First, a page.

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  1. Following tetraplegia, independence for completing essential daily tasks, such as opening doors and eating, significantly declines. Assistive robotic manipulators (ARMs) could restore independence, but typically input devices for these manipulators require functional use of the hands. We created and validated a hands-free multimodal input system for controlling an ARM in virtual reality using combinations of a gyroscope, eye-tracking, and heterologous surface electromyography (sEMG). These input modalities are mapped to ARM functions based on the user’s preferences and to maximize the utility of their residual volitional capabilities following tetraplegia. The two participants in this study with tetraplegia preferred to use the control mapping with sEMG button functions and disliked winking commands. Non-disabled participants were more varied in their preferences and performance, further suggesting that customizability is an advantageous component of the control system. Replacing buttons from a traditional handheld controller with sEMG did not substantively reduce performance. The system provided adequate control to all participants to complete functional tasks in virtual reality such as opening door handles, turning stove dials, eating, and drinking, all of which enable independence and improved quality of life for these individuals. 
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    Free, publicly-accessible full text available June 3, 2025
  2. This paper unifies commonly used accelerated stochastic gradient methods (Polyak’s Heavy Ball, Nesterov’s Accelerated Gradient and Adaptive Moment Estimation (Adam)) as specific cases of a general lowpass regularized learning framework, the Automatic Stochastic Gradient Method (AutoSGM). For AutoSGM, we derive an optimal iteration-dependent learning rate function and realize an approximation. Adam is also an approximation of this optimal approach that replaces the iteration-dependent learning-rate with a constant. Empirical results on deep neural networks comparing the learning behavior of AutoSGM equipped with this iteration-dependent learning-rate algorithm demonstrate fast learning behavior, robustness to the initial choice of the learning rate, and can tune an initial constant learning-rate in applications where a good constant learning rate approximation is unknown.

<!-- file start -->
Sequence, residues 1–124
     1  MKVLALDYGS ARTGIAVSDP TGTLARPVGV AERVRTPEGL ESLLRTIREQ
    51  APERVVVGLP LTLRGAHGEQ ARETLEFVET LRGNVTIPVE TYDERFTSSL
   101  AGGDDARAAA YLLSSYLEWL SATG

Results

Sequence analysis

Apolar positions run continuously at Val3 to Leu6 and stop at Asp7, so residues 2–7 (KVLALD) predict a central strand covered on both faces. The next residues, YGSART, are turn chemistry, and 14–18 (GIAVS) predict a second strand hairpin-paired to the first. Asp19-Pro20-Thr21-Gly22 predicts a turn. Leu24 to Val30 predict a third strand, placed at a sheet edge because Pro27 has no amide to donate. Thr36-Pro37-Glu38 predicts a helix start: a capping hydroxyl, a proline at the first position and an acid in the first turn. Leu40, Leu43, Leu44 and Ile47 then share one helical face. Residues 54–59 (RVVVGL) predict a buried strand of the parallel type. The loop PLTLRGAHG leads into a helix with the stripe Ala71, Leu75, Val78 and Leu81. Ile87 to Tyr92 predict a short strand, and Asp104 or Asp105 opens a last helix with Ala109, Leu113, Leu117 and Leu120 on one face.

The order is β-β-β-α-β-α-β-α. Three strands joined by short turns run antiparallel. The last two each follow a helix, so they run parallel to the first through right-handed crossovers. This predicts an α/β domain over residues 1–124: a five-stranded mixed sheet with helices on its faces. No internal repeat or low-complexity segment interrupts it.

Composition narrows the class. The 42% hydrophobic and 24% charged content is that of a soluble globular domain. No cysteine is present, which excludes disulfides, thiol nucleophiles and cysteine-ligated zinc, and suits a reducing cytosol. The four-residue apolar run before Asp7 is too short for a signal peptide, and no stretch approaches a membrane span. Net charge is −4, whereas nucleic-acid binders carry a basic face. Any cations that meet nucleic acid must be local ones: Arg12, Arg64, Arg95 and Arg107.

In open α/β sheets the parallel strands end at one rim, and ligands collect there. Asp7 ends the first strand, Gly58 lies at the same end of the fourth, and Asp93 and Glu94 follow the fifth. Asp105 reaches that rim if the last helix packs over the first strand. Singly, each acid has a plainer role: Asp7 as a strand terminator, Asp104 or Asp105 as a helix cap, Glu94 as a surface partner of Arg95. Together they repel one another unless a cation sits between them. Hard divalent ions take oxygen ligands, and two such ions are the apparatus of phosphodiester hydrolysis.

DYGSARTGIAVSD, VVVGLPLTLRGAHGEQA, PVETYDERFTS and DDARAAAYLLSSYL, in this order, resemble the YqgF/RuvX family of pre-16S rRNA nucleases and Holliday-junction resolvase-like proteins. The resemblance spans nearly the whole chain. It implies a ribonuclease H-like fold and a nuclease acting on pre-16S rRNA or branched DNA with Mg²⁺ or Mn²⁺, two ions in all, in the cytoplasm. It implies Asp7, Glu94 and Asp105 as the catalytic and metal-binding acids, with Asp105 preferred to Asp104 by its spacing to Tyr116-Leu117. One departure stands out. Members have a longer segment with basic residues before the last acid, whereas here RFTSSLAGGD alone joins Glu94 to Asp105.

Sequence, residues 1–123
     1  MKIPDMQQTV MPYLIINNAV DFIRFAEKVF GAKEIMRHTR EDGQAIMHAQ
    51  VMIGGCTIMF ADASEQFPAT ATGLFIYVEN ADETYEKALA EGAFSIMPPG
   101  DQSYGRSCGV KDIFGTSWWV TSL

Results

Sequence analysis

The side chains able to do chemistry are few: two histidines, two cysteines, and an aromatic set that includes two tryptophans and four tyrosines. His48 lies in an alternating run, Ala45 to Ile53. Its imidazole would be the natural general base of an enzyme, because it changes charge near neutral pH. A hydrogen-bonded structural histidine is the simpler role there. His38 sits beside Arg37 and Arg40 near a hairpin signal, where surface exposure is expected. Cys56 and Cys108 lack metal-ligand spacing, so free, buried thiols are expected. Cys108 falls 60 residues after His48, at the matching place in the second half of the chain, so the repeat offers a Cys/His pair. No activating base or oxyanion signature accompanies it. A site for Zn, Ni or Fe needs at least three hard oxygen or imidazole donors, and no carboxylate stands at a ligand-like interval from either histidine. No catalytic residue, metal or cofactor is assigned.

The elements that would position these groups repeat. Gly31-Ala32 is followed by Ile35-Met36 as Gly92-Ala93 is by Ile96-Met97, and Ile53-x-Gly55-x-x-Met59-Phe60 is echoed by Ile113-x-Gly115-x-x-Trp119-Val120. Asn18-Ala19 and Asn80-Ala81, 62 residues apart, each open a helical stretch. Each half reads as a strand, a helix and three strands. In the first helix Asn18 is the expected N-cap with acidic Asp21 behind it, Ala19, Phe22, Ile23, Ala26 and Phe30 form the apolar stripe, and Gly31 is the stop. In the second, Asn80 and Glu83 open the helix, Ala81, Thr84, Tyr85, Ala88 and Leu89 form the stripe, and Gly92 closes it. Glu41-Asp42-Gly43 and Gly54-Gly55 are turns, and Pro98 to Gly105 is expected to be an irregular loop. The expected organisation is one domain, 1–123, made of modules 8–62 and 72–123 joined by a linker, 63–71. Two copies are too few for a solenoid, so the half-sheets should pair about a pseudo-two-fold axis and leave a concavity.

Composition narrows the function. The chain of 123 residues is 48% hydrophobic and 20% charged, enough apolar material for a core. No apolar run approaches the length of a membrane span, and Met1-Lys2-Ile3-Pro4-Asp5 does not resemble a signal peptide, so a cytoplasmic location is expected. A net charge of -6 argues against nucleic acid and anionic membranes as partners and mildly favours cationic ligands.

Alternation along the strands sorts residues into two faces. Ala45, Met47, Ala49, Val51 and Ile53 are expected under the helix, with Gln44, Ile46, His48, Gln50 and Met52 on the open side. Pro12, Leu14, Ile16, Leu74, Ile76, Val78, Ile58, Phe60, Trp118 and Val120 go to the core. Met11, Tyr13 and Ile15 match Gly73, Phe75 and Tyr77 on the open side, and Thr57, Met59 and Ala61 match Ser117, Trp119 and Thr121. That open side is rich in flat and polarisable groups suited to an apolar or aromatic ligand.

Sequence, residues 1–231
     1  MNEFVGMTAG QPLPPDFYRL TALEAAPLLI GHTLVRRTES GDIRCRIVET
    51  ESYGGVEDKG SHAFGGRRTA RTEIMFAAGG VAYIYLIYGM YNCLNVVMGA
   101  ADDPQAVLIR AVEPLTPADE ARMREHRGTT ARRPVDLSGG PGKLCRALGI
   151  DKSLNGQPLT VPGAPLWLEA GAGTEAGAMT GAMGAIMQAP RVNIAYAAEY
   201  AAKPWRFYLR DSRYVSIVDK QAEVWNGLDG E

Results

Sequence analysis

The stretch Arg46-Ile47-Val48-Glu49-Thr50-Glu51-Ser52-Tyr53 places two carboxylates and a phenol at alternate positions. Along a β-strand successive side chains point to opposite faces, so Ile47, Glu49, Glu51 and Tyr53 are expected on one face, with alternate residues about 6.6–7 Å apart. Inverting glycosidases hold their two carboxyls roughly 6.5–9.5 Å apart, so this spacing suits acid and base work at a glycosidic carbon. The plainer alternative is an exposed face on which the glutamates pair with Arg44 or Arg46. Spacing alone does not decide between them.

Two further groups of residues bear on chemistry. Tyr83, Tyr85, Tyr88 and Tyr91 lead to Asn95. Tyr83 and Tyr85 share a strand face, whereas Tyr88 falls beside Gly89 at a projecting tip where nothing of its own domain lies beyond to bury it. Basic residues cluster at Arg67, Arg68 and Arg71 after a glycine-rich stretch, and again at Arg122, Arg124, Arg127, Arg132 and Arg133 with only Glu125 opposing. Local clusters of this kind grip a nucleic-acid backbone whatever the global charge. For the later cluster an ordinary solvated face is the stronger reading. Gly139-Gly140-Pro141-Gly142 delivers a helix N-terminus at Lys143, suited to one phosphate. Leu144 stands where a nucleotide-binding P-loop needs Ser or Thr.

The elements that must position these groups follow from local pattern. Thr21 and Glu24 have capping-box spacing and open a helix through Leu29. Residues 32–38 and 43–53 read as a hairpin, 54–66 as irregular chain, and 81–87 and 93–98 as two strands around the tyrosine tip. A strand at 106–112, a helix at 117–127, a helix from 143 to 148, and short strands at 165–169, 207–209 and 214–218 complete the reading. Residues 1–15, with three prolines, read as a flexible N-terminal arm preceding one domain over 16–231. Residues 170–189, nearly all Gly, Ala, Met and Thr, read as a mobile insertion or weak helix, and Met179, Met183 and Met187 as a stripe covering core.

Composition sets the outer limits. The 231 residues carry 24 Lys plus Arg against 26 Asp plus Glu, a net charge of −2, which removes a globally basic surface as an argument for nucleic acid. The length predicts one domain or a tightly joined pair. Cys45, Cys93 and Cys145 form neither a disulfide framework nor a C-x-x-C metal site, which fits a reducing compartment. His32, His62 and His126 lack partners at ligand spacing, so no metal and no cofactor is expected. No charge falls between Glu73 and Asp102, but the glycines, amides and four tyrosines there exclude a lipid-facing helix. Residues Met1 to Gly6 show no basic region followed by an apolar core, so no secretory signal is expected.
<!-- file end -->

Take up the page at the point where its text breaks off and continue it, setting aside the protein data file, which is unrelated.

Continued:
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    Free, publicly-accessible full text available April 14, 2025
  3. This paper presents a blind source separation algorithm to identify binary and sparse sources from convolutive mixtures with linear and time-invariant finite impulse responses. Our approach combines Bayesian algorithms for detecting source activity with a linear minimum mean-square error estimator to identify all the time samples when each source is active. The algorithm was implemented on simulated electromyo-grams to identify neural commands. Our algorithm identified more than 96% of the sources on average with 16 or more measurement channels and SNR >= 14dB. For the detected sources, this algorithm correctly identified more than 94% of the samples on average. This performance was significantly better than that of a competing algorithm available in the literature.